1. Washington and Adams specifically, but others as well, would disagree with your assertion that Hamilton was the only founder who believed in Hamilton’s version of general welfare. Both Washington and Adams, and the party that formed around them, sided with Hamilton’s view of general welfare. That’s two presidential administrations and congresses worth of Hamiltonian policies, followed by a heated election and a few key deaths before the Madison/Jefferson version became the most prominent. People tend to forget that, while Hamilton was the only author of the Federal Papers who held his views, that he was not alone. People also tend to put more emphasis on Madison and Jefferson, and that is wrong. They petitioned for ratification, but it was their own private positions that drove them to keep Hamilton’s version of general welfare out of their petitions, and that does not change the fact that the Constitution was ratified as written, or the fact that Madison and Jefferson were not the only ones who were involved in the writing, or the fact that Hamilton was not in fact the only founder who held his views.

    2. The notion that the the tax clause (“common defense” “general welfare”) is limited to the other enumerated powers is a logical impossibility. The easiest way to understand that is by following these logical bread crumbs.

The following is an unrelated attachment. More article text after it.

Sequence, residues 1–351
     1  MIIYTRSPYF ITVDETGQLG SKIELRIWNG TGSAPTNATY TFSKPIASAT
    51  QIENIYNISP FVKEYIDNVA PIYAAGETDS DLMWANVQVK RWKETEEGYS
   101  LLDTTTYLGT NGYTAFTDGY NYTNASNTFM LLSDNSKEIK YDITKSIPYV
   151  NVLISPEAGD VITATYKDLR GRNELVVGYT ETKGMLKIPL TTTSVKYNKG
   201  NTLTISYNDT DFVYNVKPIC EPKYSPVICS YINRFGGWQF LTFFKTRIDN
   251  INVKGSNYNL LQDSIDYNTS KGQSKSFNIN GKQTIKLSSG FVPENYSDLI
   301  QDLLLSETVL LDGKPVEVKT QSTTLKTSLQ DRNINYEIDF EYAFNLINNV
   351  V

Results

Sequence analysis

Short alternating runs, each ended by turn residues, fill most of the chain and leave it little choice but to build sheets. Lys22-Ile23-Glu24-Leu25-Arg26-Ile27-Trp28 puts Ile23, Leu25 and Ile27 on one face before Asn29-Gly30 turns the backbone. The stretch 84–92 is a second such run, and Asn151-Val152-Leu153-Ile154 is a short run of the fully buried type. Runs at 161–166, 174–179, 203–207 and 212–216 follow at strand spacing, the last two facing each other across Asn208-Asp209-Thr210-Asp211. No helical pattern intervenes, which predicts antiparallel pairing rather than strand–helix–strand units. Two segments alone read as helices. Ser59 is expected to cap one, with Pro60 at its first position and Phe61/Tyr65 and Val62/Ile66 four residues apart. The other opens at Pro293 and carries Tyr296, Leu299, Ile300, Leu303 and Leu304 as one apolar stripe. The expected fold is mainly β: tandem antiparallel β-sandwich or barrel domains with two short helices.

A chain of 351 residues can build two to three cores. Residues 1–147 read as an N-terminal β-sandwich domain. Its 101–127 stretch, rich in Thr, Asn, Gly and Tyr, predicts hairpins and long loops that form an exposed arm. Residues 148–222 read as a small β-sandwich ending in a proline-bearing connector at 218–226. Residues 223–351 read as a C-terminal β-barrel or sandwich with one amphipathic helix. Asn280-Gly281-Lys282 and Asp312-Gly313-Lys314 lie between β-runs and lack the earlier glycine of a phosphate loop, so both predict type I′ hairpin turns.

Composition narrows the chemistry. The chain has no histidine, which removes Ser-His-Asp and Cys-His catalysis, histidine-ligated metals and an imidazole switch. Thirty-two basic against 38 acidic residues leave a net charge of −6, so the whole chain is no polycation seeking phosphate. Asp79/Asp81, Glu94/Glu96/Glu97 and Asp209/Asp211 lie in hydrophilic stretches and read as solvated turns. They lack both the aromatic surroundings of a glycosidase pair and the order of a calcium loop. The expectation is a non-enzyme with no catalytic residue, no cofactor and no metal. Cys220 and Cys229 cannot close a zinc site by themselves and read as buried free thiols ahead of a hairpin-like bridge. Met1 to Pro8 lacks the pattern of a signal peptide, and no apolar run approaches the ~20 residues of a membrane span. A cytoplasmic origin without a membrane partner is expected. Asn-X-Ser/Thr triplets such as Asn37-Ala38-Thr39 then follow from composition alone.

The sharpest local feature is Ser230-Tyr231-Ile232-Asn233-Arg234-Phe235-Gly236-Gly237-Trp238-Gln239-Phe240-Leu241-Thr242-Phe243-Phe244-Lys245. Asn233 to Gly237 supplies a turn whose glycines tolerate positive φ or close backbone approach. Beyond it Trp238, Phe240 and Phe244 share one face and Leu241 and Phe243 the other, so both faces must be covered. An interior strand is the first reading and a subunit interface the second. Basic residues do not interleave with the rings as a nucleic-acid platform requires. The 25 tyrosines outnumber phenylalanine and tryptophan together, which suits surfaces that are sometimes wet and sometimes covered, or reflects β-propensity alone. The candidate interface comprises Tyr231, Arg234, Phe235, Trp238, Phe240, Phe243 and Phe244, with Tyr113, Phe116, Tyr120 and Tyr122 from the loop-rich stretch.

A. If Congress is expressly limited to those powers listed in Article 1 Section 8, then all Congressional powers must be listed in Article 1 Section 8. They are not.
    B. If all Congressional powers are not listed in Article 1 Section 8, then Congress must be limited to those powers specifically enumerated in the Constitution as a whole.
    C. If all Congress is limited to those powers specifically enumerated in the Constitution as a whole, then the Constitution must specifically enumerate all Congressional powers. They do not.
    D. If all Congressional powers were specifically listed in the Constitution, there would be no need for the following prohibition enumerated in Article 1 Section 9, “No Bill of Attainder or ex post facto Law shall be passed,” because that prohibition would have been implied by its absence among the specifically enumerated powers.
    E. Since that prohibited power was added to Article 1 Section 9, we now know that Congress either has powers not specifically enumerated in the Constitution, or that Congress has powers reasonably implied by clauses contained within the Constitution.
    F. Since Congress is only limited by proof of reasonable implication, there must be some other limit in place. There is. It’s called representative democracy.

    If all of that is true, then perhaps the enumerated powers within Article 1 Section 8 are limited to themselves? Perhaps the other enumerated powers were written to limit and/or modify the tax clause in which common defense and general welfare are ? No… And even if it were true, the limits are only being placed on taxation. Here are the logical bread crumbs…

    A. If the clauses in Article 1 Section 8 are codependent, they would all be written in the same context. They are not.
    B. Since the clauses in Article 1 Section 8 are not codependent, they are independent clauses that can only be limited or modified by themselves, or by the rules put in place by the Constitution as a whole.